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By Michael Flaherty
April 24 The shareholder battle between
specialty metals maker Arconic Inc and Elliott
Management took another turn on Monday after the company said
the hedge fund has twice turned down an offer to add two of
Elliott's nominees to its board.
Since early this year, the two sides have been locked in a
brutal battle for control of the company's board, with Elliott
nominating five directors.
Arconic announced on Monday that after last week's
resignation of its chief executive and chairman, Klaus
Kleinfeld, it was postponing its annual meeting from May 16 to
an unspecified day at the end of the month.
Kleinfeld resigned after sending a letter to Elliott founder
Paul Singer this month that Arconic's board did not approve and
that the hedge fund deemed threatening.
The $10 billion company, which separated from aluminum maker
Alcoa Corp last year, also said on Monday that it was
willing to nominate two of Elliott's director candidates to its
board, but that the hedge fund had twice turned down the offer.
The latest rebuff came after Kleinfeld's resignation
prompted Elliott, Arconic's largest shareholder, to add a term
to an attempted settlement agreement that would give Elliott
nominees majority representation on a new operations committee
within the board of directors.
Elliott has previously demanded, as part of the settlement
talks, that Arconic's board designate three of the hedge fund's
nominees to the CEO search committee, the company said on
Arconic said that as long as Elliott's nominees are willing
to be interviewed by the company, the board will appoint the
best two for the job, offering a deadline of April 26.
"We would prefer to settle the proxy contest on reasonable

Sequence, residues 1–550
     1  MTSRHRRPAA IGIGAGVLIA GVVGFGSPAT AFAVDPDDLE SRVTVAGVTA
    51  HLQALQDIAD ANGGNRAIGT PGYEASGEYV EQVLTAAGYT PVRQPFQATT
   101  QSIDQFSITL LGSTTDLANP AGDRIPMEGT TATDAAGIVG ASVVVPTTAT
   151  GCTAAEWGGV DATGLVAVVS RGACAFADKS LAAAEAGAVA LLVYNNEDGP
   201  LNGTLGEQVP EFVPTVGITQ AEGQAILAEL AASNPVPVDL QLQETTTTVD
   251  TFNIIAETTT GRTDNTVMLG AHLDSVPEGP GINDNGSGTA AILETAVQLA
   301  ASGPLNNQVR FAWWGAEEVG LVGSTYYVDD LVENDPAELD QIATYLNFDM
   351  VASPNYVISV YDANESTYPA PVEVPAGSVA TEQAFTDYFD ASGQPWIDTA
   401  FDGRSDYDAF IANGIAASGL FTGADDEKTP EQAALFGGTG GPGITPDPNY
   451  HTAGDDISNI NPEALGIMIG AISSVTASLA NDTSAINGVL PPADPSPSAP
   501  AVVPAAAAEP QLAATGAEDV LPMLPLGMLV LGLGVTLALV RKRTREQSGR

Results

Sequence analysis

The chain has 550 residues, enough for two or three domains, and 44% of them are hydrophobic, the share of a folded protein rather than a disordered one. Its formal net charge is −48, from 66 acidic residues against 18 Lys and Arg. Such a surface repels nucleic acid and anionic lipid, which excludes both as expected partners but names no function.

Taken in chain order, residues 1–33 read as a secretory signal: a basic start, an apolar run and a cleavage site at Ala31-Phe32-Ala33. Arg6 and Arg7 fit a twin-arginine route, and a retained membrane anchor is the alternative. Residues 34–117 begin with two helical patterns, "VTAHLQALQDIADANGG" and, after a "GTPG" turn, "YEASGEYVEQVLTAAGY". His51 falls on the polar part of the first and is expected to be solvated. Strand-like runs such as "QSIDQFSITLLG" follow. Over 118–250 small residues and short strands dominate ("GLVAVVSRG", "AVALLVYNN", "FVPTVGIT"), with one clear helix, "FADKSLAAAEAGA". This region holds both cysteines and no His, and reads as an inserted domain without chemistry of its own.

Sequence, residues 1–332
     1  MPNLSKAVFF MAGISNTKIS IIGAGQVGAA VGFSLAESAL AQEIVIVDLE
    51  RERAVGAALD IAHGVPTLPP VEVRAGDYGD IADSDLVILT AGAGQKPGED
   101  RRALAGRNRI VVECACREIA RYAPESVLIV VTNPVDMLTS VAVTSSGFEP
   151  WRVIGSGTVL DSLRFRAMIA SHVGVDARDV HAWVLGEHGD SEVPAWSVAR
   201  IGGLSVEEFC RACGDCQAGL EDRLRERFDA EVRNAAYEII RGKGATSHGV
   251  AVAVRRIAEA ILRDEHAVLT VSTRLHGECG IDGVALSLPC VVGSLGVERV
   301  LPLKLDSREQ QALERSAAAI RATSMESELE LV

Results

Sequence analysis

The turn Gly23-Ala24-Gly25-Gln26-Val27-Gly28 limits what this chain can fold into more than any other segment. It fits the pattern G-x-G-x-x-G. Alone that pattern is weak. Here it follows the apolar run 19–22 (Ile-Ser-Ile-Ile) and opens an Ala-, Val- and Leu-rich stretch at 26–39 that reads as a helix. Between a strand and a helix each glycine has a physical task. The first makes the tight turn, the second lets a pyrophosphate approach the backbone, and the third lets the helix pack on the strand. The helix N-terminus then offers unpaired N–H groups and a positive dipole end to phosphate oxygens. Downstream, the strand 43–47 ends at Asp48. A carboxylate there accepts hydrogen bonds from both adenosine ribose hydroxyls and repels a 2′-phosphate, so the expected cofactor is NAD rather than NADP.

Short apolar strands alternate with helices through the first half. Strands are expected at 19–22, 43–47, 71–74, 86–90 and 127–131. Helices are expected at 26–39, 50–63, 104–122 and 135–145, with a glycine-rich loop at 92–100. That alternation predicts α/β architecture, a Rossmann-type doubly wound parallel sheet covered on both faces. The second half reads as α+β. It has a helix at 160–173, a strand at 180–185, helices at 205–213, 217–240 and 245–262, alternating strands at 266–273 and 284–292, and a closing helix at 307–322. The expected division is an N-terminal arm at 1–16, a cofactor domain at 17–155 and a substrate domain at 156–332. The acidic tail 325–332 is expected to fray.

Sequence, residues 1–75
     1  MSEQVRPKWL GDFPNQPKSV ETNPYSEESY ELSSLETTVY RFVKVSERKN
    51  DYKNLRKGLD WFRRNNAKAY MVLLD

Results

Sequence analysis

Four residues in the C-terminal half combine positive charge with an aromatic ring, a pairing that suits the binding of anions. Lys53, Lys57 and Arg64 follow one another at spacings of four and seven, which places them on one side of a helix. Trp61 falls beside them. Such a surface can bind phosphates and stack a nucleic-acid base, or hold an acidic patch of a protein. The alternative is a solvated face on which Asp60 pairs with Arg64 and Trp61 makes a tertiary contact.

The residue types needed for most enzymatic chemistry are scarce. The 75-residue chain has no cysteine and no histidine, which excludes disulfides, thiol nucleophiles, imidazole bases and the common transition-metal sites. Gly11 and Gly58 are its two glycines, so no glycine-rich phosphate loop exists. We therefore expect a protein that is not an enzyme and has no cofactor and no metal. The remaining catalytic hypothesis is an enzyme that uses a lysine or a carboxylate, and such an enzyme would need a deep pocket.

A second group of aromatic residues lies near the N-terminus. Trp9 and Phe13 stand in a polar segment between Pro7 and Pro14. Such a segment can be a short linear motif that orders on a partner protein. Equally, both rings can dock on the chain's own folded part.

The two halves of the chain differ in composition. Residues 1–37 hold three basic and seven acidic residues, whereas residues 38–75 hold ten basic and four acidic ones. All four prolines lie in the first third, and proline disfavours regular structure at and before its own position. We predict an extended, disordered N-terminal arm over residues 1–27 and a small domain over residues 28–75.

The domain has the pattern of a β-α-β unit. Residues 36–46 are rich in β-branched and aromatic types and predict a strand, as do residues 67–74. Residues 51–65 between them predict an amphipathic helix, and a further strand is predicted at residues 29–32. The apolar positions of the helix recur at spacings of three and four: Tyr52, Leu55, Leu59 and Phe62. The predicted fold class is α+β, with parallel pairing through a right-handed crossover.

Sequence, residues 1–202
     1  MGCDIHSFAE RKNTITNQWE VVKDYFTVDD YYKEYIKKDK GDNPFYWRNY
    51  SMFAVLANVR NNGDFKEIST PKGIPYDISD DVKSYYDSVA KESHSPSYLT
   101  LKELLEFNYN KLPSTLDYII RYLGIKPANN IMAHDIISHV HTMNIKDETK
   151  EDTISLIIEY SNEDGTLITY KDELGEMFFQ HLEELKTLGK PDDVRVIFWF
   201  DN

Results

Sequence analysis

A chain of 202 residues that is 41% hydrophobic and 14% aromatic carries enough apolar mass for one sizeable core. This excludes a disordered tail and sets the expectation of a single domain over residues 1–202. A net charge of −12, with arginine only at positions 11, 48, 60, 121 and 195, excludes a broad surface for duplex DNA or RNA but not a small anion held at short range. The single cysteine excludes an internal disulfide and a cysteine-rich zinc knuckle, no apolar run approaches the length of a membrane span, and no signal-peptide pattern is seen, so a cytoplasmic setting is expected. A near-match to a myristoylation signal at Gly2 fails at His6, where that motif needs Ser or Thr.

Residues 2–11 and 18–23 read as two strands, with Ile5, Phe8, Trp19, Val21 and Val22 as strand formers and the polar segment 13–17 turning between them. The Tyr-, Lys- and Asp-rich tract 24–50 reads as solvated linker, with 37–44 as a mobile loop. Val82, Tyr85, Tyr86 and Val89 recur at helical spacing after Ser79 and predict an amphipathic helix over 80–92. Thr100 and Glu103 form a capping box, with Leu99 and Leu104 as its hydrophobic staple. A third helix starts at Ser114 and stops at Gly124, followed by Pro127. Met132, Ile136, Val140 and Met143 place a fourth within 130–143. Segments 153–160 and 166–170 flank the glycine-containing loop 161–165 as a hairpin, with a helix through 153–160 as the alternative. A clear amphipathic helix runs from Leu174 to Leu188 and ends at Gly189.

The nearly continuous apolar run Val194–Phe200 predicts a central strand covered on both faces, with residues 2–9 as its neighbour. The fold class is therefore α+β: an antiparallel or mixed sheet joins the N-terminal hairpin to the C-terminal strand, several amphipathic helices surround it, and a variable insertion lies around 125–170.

terms consistent with good governance, but we are not willing to
agree to inappropriate conditions that give you undue influence"
and are not in shareholders' best interests Arconic said in an
email to Elliott, which it released as part of its announcement
Elliott's battle with Arconic is the most contentious U.S.
proxy battle so far during the spring annual meeting season for
publicly traded companies. The hedge fund's campaign directly
targeted Kleinfeld, called for his removal as CEO, and
criticized his track record.
Arconic has fought back, though the battle took a bizarre
turn when Kleinfeld's letter to Singer surfaced last week. The
two sides did not disclose the letter at first, but a few days
later, Elliott made it public after a media report on its
In vague hints throughout his April 11 letter, Kleinfeld
accused Singer of misbehaving at the 2006 World Cup in Germany.
Elliott, which holds 13.2 percent of Arconic stock, was not
immediately available for comment on Monday.
Kleinfeld has since stepped down from the boards of Morgan
Stanley and Hewlett Packard Enterprise Co.
(Additional reporting by Ankit Ajmera in Bengaluru; Editing by
Sai Sachin Ravikumar and Andrew Hay)